Behind the mute button

One might assume that students with social anxiety might learn better through Zoom, but remote learning told a different story entirely


Rachel Kaminski

Many students are feeling a little extra anxious returning to school after spending th last year hiding behind a camera.

Kiera Loewe, Social Media Director

It is March of 2020. A student sits in class, writing down some notes, when it’s announced that classes will be cancelled for two weeks. The student is so relieved, but then they find out it’s not going to be as easy as they thought. All the change is making them anxious.

Flash forward a year and, after all this time they’re going back to school — another change involving lots of people. All of this builds up and the student has a panic attack worse than ever. This is the hard reality of a student with social anxiety. 

Some may not know what social anxiety is or how bad it can be. Social anxiety is a mental health disorder that is triggered by many different social situations, and a big part of that includes the fear of being judged. When put in situations like answering a question at school or just being in public, social anxiety can cause many different things, such as tics or panic/anxiety attacks. In some cases, being more exposed to these situations can help, but in others, it can only make it worse.

When COVID-19 hit and students went to online school, the change had an especially large impact on the ones with social anxiety. Though some might think that remote learning might help people with social anxiety, many found it more difficult than in-person learning.  A poll of 29 MCHS students with social anxiety was taken, and 93% said that the pandemic made their anxiety worse.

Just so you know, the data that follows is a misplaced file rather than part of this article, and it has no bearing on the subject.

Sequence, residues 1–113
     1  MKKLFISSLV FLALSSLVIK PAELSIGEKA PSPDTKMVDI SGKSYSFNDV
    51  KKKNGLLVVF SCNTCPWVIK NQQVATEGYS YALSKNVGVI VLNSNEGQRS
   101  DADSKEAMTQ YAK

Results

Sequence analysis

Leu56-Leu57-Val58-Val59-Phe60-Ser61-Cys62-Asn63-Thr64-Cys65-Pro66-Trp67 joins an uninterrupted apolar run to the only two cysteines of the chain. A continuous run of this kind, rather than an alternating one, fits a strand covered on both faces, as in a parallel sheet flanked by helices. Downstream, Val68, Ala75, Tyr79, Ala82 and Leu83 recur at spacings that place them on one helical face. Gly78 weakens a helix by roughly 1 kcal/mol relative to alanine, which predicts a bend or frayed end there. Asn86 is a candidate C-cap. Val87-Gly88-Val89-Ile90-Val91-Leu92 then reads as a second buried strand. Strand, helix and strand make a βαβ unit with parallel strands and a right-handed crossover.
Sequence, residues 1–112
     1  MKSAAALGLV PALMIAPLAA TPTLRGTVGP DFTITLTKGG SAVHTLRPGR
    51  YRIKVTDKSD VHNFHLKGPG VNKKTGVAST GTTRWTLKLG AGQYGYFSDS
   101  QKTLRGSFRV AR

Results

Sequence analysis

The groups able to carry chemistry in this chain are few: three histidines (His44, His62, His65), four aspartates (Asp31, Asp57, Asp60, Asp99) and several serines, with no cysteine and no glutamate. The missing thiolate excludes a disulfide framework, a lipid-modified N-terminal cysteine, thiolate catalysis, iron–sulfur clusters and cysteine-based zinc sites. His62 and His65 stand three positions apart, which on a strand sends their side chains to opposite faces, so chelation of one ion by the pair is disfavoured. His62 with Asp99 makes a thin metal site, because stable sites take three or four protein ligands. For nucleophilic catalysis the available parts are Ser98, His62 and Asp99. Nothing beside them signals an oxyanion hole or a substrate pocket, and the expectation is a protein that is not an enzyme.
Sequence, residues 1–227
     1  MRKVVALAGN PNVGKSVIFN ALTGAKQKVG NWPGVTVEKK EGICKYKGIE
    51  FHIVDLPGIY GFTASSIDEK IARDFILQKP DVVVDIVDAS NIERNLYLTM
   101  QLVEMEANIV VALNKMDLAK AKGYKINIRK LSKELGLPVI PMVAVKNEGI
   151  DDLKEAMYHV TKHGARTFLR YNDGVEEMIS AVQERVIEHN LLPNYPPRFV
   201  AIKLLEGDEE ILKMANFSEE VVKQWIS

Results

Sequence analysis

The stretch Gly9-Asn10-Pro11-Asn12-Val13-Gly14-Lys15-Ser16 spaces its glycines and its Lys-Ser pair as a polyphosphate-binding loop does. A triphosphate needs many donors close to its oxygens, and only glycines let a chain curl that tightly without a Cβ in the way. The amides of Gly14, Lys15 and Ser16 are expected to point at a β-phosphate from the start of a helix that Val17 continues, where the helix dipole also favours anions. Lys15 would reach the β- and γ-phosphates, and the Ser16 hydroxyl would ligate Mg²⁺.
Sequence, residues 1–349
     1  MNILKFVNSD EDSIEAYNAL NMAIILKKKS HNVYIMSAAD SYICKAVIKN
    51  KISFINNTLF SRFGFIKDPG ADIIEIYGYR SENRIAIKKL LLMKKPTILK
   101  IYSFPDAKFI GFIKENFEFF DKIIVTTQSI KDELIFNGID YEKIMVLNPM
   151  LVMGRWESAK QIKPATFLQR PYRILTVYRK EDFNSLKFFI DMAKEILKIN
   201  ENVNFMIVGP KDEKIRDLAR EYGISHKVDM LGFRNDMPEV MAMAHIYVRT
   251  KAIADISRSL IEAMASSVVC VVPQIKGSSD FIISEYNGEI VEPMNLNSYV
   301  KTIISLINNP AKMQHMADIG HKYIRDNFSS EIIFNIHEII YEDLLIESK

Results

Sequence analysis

One student that’s anxiety was affected negatively by online school is sophomore Odessa Garcia. She explained, “I didn’t want to talk to people over Zoom in breakout rooms and teachers would continue to put us in them even if we didn’t do any work together.” 

Having to talk when you need to physically unmute, and the fact that others in their group wouldn’t talk was a common stressor. Zoom also created a difficulty because of students having to unmute because they can’t control background noise, which could be parents fighting or something embarrassing a student can’t control. The fear of judgement about that was another common trigger. 

This wasn’t the case for all students though. It was less common for students to feel better during the pandemic, but some did. “Having distance from school gave myself time to grow and learn”, explained a student who preferred to remain anonymous. “I started going to therapy and learned helpful exercises for when I get anxious. Now that I’ve been through that I feel I can do better in school socially and academically.”

For the students that are returning to school and feel more anxious than ever, many are learning that they are not alone. Social anxiety is more common than people realize. The shift to in-person learning might trigger more anxiety, but may also provide more opportunities to talk about it and keep working through the difficult times together.